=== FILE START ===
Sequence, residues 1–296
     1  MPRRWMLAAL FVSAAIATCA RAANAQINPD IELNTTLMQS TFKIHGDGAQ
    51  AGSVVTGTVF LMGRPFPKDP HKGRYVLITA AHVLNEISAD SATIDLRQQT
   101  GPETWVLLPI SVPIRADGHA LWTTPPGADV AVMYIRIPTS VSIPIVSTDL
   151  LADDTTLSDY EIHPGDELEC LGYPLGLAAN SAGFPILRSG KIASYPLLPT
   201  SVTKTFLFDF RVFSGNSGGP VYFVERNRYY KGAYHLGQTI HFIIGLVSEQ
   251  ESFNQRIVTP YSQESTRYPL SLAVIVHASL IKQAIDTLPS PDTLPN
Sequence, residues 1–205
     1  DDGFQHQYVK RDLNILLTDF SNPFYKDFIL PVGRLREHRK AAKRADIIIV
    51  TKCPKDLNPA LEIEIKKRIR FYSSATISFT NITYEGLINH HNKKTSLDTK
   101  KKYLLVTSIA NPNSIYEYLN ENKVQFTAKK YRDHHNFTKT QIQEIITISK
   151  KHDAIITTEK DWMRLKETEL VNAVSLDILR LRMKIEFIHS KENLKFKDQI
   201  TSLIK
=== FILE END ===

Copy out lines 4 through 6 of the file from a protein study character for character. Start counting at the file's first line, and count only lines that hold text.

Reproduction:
   101  GPETWVLLPI SVPIRADGHA LWTTPPGADV AVMYIRIPTS VSIPIVSTDL
   151  LADDTTLSDY EIHPGDELEC LGYPLGLAAN SAGFPILRSG KIASYPLLPT
   201  SVTKTFLFDF RVFSGNSGGP VYFVERNRYY KGAYHLGQTI HFIIGLVSEQ